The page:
Ideally located 1 km from the township of Ranna on the Ranna-Kalamatiya route, half way between Tangalle and Hambantota, is one of Sri Lanka’s most secluded nature reserves. Off the beaten track of wildlife parks congested with visitors, the Kalametiya Bird Sanctuary is a hidden haven reserved for those who wish to observe the magnificent winged beauties of the island away from the crowds.
Established as far back as 1938, the park is also one of the island’s oldest bird sanctuaries devoted to these delicate creatures that deck the skyline of this paradise isle. Sprawled across an expansive enclave that was around 2.500 hectares at inception, the downsized wildlife sanctuary offers birdwatchers and nature lovers the opportunity to observe a variety of species in their natural habitat. Officially declared a sanctuary in the first half of the 1980’s, the Kalametiya Bird Park occupies a scenic location in between two salt water lagoons. Bordered by mangrove swamps and wide open plains, the venue is also littered with scrub jungles that are ideally suited for its chief inhabitants.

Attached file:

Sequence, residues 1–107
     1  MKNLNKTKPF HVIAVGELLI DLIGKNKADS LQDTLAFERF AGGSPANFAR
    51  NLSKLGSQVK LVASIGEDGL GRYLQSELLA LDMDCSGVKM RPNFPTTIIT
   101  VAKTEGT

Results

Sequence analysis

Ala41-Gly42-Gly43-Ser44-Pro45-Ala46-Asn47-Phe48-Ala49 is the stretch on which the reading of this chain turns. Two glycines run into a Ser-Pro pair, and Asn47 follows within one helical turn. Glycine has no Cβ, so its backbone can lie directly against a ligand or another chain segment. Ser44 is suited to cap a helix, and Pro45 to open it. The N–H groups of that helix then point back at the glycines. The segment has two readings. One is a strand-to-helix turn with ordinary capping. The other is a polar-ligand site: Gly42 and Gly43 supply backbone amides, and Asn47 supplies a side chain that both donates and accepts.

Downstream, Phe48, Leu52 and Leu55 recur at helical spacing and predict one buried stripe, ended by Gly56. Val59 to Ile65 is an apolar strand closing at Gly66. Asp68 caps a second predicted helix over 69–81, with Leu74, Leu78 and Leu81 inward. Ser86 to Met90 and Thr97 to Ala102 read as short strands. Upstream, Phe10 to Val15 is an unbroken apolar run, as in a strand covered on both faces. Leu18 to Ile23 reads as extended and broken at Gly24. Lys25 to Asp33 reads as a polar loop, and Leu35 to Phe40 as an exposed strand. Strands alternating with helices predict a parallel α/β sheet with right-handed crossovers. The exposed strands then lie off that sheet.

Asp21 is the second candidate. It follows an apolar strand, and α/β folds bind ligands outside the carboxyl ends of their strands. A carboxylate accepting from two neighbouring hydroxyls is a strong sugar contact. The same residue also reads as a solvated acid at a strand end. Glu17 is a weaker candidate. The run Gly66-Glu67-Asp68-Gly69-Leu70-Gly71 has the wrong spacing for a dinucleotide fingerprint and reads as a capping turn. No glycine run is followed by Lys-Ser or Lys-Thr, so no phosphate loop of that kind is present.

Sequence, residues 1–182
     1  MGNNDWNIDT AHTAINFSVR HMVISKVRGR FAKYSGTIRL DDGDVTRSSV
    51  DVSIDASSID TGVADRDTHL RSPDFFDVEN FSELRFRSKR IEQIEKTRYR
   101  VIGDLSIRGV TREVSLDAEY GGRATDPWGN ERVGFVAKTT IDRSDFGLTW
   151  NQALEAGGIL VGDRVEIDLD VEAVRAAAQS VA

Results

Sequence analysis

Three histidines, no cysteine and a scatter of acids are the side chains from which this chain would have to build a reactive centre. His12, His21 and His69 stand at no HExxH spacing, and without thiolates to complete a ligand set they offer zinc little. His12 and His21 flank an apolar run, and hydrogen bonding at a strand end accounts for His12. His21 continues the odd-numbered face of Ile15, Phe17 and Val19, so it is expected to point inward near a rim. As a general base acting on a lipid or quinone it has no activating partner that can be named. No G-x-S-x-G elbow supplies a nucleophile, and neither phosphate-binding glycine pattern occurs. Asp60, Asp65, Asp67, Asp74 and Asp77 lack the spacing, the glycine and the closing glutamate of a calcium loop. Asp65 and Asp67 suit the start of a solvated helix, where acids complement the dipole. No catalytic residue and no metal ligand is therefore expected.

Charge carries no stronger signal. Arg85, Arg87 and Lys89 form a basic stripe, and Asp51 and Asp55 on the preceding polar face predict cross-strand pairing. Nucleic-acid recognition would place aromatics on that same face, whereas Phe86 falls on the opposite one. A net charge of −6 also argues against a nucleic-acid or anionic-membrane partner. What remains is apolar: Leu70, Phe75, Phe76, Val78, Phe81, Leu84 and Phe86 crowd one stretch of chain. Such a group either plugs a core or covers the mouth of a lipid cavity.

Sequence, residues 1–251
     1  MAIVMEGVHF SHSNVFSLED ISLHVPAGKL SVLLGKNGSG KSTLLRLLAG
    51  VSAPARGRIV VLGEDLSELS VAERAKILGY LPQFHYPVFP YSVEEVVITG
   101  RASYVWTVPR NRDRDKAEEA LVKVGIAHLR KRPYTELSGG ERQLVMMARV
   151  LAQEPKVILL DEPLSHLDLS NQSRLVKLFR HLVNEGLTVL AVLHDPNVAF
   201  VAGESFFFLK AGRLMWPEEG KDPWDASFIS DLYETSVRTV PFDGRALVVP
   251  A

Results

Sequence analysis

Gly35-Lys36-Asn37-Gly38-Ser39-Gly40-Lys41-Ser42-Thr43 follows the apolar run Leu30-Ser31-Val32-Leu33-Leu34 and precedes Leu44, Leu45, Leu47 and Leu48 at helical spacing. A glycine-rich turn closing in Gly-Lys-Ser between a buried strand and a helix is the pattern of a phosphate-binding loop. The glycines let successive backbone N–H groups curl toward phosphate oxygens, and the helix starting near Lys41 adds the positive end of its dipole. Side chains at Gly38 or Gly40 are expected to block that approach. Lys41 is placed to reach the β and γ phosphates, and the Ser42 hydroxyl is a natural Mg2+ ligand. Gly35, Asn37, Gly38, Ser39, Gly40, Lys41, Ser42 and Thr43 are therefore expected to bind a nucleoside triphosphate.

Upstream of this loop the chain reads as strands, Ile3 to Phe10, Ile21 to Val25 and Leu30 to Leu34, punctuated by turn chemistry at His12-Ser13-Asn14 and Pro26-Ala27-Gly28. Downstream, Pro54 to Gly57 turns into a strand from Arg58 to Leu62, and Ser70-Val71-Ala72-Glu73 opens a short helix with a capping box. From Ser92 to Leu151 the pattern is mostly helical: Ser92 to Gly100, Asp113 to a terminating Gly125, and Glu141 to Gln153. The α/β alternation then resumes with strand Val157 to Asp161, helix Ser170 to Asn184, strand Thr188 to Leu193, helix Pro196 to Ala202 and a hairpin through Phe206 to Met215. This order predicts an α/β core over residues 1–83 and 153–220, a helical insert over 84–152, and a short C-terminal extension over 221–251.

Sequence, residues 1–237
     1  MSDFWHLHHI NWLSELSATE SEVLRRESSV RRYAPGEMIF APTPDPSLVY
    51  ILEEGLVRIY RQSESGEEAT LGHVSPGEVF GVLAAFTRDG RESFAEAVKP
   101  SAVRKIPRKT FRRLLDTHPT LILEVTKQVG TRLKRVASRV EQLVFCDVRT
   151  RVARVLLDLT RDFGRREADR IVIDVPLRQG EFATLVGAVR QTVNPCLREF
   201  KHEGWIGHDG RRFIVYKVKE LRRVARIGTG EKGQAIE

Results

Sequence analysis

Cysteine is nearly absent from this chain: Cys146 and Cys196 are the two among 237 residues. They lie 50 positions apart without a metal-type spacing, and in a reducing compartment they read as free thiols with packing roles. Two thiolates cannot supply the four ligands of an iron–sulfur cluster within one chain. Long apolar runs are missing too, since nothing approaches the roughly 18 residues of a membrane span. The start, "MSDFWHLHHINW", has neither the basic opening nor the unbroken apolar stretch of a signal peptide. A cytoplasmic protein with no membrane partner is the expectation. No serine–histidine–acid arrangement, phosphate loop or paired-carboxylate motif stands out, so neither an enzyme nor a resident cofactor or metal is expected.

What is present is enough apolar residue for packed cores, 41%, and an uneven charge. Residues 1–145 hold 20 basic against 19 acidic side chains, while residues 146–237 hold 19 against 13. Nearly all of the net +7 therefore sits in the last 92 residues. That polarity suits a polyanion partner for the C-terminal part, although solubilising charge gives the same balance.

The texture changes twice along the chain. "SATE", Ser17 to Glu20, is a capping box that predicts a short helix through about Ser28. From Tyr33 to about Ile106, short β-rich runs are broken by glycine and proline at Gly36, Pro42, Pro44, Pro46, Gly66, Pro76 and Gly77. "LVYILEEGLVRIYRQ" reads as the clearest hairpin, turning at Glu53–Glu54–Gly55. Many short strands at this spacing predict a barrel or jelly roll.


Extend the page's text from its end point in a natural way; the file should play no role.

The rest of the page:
Renowned as a hotspot to view migrant shorebirds escaping the winter weather in sun-kissed Sri Lanka, the locale is equally famed for providing a verdant hideaway for endangered bird species the likes of the Sri Lankan Black-capped Purple Kingfisher, the Indian Reef Heron, Jungle Fowls and Glossy Ibises. The jungle fowl is of special significance in this regard as the bird is endemic to the emerald isle. Eurasian Spoonbills, Black Winged Stilts and Asian Open Bills are also frequently spotted in the parkland in addition to Common Snipes and Purple Swamp Hen Glossy Ibises.
As a wildlife enclave that is not just reserved for birdwatchers, the Kalametiya Bird Sanctuary also boasts 20 species of mammals in its impressive list of inhabitants. Highlights include Toque Monkeys, Shrews, Tree Mice and Coloured Spiny Rats which are also endemic to the native country.
The parkland also houses a wide variety of globally and locally endangered reptiles among the 38 species found at the venue. Aquatic wildlife enthusiasts will also not be disappointed as the sanctuary’s water bodies house over 41 colourful species of fish.
Those on the lookout for a well placed Yala hotel in Kalametiya should look no further than Chaaya Wild Yala for all their accommodation needs. Offering guests 66 chalets with stunning views of the surrounding environment, this stylish venue is a safari hotel Sri Lanka that makes an ideal base from which to explore the region and its wildlife.